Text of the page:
When it came to finding pitches to hit — pitches that were thrown in the strike zone, pitches the Marlins’ big man could put his barrel on — it was slim pickings for Giancarlo Stanton a season ago.
Pitchers were ordered to approach Stanton with extreme caution and, as a result, only three players — Yasiel Puig, Pablo Sandoval and Bryce Harper — saw a lower percentage of pitches thrown to them in the strike zone.
Don’t expect that avoid-at-all-costs tactic to change in 2014.
Despite efforts by the Marlins to improve their lineup, scouts say Stanton remains the only dangerous bat in the order and opponents will continue to pitch around him.
Said one major-league scout of what Stanton can expect:
“Take your base.”
Said another scout: “It’s never going to change until they put another hitter in their lineup who can put the fear of God into you like Stanton does. The thinking is: ‘If I put him on first, he can’t drive in three runs. He can only score one.’ ”
It could all add up to another long and frustrating season for Stanton and the Marlins, the lowest-scoring team in the majors last year. By acquiring Jarrod Saltalamacchia and Garrett Jones, the Marlins are hoping they give pitchers something else to think about other than Stanton.
But scouts said that, until proven otherwise, Stanton remains the focal point.
According to Fangraphs, only 38.2 percent of the pitches thrown to Stanton were strikes.
The Giants’ Sandoval saw the lowest percentage of strikes for entirely different reasons. Sandoval is an aggressive, free swinger who lacks plate discipline and swung at a whopping 45.5 percent of pitches that were delivered to him outside of the strike zone. Stanton, on the other hand, swung at 30.5 percent of pitches outside of the strike zone, an improvement over his 2012 rate of swinging at 37.1 percent of those pitches.
But Stanton is the first to acknowledge that he could have — and probably should have — done a better job with those pitches that found their way into the strike zone. Too often, he said, he let hittable pitches go by for strikes.
“Sometimes you think, here’s a situation where you’re not going to get anything and — boom boom — right there [down the middle of the plate],” Stanton said. “I wasn’t used to that. But that’s not anyone’s fault but mine. You got to be ready for that, even if it’s one or two pitches a game. You’ve got to be more precise on the one or two you’re going to get.”
Added manager Mike Redmond: “Last year, he probably felt like he had to carry the load, and that wasn’t fair to him. So I think he probably went out of the zone more than he will have to this year to try to get hits and try to put the ball in play.”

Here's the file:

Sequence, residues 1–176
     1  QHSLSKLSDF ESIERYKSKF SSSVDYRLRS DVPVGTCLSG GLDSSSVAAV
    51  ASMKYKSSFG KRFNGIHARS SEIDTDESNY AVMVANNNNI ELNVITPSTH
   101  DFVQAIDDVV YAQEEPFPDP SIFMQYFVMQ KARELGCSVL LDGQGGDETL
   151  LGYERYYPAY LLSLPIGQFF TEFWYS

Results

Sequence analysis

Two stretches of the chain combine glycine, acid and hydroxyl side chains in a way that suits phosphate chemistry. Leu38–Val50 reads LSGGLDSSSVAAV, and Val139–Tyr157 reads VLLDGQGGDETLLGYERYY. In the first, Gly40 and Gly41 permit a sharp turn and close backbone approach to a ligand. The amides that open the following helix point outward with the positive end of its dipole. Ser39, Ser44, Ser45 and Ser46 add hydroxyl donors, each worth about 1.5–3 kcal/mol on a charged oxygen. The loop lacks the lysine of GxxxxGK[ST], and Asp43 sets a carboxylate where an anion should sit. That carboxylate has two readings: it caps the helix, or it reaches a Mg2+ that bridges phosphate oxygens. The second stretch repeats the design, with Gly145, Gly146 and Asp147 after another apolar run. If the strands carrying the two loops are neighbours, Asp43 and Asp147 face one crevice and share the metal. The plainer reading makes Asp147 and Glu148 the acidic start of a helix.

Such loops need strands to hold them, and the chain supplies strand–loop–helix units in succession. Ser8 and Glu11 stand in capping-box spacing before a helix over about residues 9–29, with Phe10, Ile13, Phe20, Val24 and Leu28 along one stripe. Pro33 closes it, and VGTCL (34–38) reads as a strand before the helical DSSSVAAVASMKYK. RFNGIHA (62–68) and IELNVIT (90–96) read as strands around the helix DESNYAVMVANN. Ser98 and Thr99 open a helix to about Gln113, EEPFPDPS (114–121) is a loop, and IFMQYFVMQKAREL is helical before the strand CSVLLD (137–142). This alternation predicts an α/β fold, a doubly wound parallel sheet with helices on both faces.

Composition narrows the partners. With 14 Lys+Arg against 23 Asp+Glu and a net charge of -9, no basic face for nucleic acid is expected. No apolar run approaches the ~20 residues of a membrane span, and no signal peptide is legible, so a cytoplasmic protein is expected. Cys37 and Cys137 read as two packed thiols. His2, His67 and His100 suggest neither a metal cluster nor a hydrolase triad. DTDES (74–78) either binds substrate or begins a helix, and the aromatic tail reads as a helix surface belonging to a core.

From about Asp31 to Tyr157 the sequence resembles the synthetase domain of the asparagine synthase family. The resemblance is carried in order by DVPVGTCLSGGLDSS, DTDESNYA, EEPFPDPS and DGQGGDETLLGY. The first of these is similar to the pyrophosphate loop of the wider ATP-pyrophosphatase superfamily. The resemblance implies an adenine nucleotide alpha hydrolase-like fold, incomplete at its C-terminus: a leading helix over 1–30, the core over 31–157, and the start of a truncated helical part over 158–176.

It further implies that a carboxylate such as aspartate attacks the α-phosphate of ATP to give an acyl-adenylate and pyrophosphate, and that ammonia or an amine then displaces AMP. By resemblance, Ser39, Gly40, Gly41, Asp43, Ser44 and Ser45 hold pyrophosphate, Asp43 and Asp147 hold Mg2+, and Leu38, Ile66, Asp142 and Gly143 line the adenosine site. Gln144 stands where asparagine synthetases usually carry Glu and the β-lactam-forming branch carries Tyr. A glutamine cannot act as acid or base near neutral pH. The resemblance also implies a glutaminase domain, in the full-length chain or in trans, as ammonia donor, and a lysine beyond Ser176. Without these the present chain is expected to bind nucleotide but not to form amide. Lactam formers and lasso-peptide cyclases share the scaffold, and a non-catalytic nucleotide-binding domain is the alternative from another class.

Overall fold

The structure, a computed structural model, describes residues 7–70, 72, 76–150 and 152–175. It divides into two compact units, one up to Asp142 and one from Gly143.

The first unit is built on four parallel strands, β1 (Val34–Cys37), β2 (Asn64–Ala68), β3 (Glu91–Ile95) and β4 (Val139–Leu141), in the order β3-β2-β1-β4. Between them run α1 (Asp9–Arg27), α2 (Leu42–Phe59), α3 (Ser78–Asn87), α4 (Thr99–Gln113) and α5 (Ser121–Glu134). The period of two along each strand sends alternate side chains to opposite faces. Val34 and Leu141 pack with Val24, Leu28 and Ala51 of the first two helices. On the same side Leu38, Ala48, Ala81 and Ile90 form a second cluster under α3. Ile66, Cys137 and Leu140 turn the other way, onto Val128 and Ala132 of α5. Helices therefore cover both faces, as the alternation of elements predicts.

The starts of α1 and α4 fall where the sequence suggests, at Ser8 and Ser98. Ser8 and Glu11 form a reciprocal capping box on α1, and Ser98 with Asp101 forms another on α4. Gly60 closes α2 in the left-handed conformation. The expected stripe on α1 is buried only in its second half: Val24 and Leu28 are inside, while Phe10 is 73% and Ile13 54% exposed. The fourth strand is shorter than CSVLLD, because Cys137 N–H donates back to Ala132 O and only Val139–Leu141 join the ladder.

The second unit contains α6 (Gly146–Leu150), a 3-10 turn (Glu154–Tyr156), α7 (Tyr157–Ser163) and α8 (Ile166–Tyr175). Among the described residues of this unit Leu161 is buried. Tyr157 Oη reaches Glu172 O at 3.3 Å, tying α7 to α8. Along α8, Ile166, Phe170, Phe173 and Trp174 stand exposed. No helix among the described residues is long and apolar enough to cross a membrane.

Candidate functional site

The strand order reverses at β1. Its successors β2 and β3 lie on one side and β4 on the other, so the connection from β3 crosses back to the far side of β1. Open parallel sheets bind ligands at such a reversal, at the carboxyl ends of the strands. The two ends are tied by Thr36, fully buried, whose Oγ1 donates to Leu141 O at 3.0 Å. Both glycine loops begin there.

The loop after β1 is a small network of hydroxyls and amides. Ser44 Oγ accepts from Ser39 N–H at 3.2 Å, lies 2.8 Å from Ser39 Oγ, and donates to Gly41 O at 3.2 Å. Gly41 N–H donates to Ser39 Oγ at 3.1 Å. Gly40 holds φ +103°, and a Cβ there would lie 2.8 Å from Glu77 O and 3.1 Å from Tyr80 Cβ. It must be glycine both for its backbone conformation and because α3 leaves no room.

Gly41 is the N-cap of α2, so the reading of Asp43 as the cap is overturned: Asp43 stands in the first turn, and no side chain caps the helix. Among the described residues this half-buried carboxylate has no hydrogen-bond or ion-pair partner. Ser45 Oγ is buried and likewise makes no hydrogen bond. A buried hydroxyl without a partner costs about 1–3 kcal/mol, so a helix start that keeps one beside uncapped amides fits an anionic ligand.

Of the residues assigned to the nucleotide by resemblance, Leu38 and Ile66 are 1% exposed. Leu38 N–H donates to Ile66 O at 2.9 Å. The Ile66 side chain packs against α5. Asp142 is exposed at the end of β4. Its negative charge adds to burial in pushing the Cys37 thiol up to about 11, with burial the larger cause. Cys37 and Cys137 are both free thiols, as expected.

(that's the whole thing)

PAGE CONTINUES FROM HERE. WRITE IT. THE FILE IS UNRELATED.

Redmond said Stanton, like most young players, probably had a hard time adjusting to the fact that pitchers are giving him very little to hit.
“I think sometimes that gets in your head sometimes,” Redmond said.
Stanton said he thinks the Marlins did a good job of improving the lineup, and that, eventually, it will lead to more pitches for him to hit. But that change might not be immediate, he said.
“It’ll change a little bit, but you’ve got to play it out,” he said. “Now we have some new bats, but they have to show it.”
Until then, opponents will continue to treat Stanton the same way.
“Anytime he can beat you, don’t pitch to him,” the first scout said. “It’s that simple.”
Fernandez will make close to $635,000 — well above the major-league minimum of $500,000 — thanks to a breakout season in which he quickly emerged as one of the top pitchers in the majors.
Most pre-arbitration players receive small raises of only a few thousand dollars — at most — in their second seasons. But Fernandez received built-in bonuses for making the All-Star team, winning the Rookie of the Year and garnering a pair of Player of the Month honors.
“I’m going to put it in the bank,” Fernandez said of his newfound riches. “I’m really thankful. I’m doing what I love, and to get paid to do what you love — wake up every day and come to the field and get paid a lot of money …”
The Marlins announced Saturday that they had signed their 28 pre-arbitration players, including Fernandez, and that all members of the 40-man roster are now under contract for the upcoming season.
Starting pitcher Nathan Eovaldi gave up one run in two innings for Miami. Andrew Heaney, the Marlins’ top pitching prospect, followed Eovaldi to the mound and turned in two scoreless innings.
The Marlins also won their other split-squad game Saturday, handing the New York Mets a 9-1 defeat in Port St. Lucie. Kevin Slowey started for the Marlins and delivered two scoreless innings, striking out four.
COMING UPSunday: Monday: